‘Genomic sequencing game-changer for cancer detection’ Speaking on the sidelines of a media tour of the Cimas medical laboratory last week, group medical advisor Dr Tsitsi Moyo said gene sequencing would pave way for improved research that would ensure that genome was included in all aspects of healthcare, from diagnostics to pharmaceuticals and every aspect of science. 

Rumbidzayi Zinyuke-Senior Health Reporter

Zimbabwe’s private health sector has taken the initiative to complement Government efforts to improve early detection of cancers and other diseases through the use of DNA.

Cimas Medical Aid Society recently procured a genetic sequencing machine, making it one of the few organisations in possession of such technology that could revolutionise the detection of diseases and improve public health outcomes.

By studying the genetic make up of any organism, including a human being, genetic sequencing can help identify infectious viruses and bacteria and so help medical experts work out what drugs or other treatment could be most effective, and in something like cancer, research can help identify people who might have a higher risk of a particular cancer.

When dealing with people, genomics is the study of a person’s genes (the genome), including the interaction of those genes with each other and with the environment. 

The genome contains important clues about a person, from their ancestry to the way their body responds to diseases, medication and aging.

The use of genomic sequencing became one of the valuable tools in the global and national response to the Covid-19 pandemic as it was used to track the spread of viruses, how the viruses were changing and how those changes could affect public health.

Information from genetic surveillance, used together with clinical and epidemiological data, guided the development of vaccines, therapeutics, diagnostic assays as well as decisions on public health and social measures.

The Ministry of Health and Child Care introduced genomic sequencing in May 2021 through repurposing laboratory departments that had been dedicated to other viral diseases until then, making them able to respond to a far wider range of research and diagnostic uses.

The coming on board of the private sector in this field, could revolutionise surveillance for other diseases and inform public health decisions.

Speaking on the sidelines of a media tour of the Cimas medical laboratory last week, group medical advisor Dr Tsitsi Moyo said gene sequencing would pave way for improved research that would ensure that genome was included in all aspects of healthcare, from diagnostics to pharmaceuticals and every aspect of science.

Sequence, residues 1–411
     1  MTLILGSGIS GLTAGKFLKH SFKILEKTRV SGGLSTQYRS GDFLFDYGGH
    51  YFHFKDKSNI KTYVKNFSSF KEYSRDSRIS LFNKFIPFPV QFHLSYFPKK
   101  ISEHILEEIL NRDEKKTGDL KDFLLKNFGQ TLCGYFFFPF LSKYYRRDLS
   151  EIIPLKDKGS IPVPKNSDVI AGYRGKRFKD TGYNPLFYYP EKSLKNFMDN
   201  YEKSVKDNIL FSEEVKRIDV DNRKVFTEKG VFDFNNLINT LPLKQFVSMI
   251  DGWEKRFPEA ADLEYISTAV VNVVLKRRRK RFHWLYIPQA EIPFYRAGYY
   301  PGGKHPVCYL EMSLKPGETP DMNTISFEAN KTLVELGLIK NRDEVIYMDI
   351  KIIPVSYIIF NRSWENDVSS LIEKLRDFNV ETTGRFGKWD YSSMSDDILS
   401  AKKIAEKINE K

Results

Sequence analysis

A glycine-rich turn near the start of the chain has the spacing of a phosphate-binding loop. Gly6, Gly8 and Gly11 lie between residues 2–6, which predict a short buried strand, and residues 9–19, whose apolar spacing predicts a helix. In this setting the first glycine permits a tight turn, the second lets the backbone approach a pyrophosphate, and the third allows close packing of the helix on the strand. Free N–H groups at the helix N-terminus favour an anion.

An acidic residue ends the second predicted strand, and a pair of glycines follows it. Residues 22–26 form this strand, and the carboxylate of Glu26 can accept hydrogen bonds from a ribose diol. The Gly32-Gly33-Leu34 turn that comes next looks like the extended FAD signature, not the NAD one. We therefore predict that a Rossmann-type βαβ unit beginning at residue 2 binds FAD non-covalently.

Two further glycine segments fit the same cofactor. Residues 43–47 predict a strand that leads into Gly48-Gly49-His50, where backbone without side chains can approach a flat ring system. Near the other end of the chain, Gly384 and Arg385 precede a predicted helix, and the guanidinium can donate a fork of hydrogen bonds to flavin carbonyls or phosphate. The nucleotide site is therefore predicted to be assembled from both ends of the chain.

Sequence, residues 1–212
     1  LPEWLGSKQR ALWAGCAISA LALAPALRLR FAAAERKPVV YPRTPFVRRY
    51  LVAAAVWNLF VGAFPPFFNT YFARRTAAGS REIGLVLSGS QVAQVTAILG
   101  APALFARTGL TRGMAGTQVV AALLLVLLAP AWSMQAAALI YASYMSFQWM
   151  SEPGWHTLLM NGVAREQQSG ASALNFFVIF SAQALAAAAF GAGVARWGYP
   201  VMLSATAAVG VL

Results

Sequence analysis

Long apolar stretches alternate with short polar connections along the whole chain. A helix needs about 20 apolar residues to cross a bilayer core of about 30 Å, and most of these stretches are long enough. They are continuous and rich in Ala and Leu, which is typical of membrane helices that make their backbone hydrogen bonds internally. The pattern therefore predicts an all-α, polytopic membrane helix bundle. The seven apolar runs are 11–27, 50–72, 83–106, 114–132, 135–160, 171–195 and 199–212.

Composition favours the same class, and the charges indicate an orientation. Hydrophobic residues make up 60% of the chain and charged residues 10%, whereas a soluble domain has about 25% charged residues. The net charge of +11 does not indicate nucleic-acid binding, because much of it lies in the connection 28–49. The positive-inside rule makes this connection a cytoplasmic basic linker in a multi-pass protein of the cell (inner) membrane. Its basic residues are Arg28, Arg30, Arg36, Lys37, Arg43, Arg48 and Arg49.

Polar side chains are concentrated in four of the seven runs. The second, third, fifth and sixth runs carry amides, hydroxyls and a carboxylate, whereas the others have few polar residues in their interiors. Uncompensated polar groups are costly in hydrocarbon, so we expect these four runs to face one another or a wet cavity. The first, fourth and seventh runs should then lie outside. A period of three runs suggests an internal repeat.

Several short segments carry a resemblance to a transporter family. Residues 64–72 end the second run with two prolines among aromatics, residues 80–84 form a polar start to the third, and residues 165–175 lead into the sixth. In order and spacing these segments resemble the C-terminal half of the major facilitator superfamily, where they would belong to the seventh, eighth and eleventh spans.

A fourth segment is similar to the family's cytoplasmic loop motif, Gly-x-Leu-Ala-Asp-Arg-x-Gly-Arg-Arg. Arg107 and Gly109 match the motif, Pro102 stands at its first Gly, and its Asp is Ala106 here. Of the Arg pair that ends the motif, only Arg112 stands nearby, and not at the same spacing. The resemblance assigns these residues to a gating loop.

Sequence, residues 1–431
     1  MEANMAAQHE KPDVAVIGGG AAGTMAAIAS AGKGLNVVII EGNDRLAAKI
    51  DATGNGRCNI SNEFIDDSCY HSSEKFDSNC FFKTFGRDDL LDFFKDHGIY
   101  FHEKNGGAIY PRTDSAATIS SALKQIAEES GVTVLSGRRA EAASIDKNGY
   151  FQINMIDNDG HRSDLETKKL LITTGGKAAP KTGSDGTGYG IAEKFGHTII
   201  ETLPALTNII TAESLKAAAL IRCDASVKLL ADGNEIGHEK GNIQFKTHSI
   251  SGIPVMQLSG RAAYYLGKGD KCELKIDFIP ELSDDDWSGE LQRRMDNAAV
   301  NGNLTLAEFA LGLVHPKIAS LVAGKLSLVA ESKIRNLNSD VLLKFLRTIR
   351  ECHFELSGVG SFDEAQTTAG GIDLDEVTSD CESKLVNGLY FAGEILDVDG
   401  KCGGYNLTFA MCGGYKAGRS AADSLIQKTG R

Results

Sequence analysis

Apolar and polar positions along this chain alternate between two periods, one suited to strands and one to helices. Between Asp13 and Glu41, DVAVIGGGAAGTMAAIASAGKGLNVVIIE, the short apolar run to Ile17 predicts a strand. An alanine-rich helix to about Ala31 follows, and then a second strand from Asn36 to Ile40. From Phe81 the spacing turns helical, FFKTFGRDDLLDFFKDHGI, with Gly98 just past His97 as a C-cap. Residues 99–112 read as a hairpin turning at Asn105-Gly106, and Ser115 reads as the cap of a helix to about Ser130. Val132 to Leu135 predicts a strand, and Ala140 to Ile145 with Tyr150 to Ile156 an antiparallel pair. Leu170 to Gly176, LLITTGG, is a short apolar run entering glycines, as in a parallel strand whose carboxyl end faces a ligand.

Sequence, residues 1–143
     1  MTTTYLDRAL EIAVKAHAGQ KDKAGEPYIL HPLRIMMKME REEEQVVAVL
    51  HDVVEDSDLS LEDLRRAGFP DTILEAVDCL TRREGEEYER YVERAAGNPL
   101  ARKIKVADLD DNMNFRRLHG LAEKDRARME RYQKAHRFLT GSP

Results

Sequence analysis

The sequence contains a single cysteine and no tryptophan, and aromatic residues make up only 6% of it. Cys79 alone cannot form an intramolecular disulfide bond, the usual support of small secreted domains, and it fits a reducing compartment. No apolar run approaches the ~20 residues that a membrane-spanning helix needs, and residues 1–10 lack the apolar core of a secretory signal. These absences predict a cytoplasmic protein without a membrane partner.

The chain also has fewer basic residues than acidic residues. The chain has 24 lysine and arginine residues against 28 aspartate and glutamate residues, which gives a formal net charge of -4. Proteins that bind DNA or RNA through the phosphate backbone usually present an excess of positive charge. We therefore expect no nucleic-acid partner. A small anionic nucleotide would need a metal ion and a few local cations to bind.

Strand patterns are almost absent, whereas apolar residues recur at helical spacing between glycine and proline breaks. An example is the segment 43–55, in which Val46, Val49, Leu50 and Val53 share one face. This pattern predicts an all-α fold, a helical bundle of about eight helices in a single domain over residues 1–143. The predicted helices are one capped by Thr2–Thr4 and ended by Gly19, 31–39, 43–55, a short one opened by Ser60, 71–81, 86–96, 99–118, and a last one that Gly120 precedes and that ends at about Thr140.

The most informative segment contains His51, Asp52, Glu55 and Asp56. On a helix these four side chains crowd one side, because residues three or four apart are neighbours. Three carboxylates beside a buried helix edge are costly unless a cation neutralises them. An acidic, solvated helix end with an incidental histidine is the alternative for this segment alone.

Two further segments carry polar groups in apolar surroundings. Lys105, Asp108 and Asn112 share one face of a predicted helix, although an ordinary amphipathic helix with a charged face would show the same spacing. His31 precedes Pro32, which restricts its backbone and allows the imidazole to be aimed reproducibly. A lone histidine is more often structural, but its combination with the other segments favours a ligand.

“What the sequencer does is to help us to look at the genetic makeup of the people that we are treating,” she said. 

“This is helping us in terms of screening for diseases. We can look at adults or children and identify who is prone to cancer, what kind of treatment can we use; then we can proactively plan from a public health perspective or even from a funding perspective. 

“We can proactively plan for what to expect in our population for the next five to 10 years into the future.” 

Presently, over 5 000 new cancer cases of all types are diagnosed in Zimbabwe annually, but the majority of these are not diagnosed in the early stages, thus increasing the mortality rates.

The national cancer prevention and control strategy for Zimbabwe says early diagnosis of cancer is crucial in reducing cancer-related deaths.

Dr Moyo said most treatments being used were generic, meaning some patients with resistance might not respond to it, hence genetic studies are used to ensure such patients receive treatments that are suited to their type of illness.

“Cimas Medlabs is immensely proud to be at the forefront of genetic research and personalised medicine. 

“We remain committed to advancing medical knowledge and improving patient outcomes through ground-breaking research and technology,” she noted.

Ms Laurels Nyamasoka, the Cimas Medlabs team leader for the lab sections, said the study of genomes would not only be used in the fight against cancer, but also understand how genes contribute to other diseases such as heart disease and diabetes.

“You can use DNA studies in diagnostics and in preventative medicine where you are trying to see if someone has an increased risk of developing a certain disease or condition that has already been discovered to be associated with a gene or DNA. 

“You can also use DNA studies to assess a person’s lifestyle wellness and their response to diet, how each individual is able to break down different types of foods in their bodies,” said Dr Moyo.

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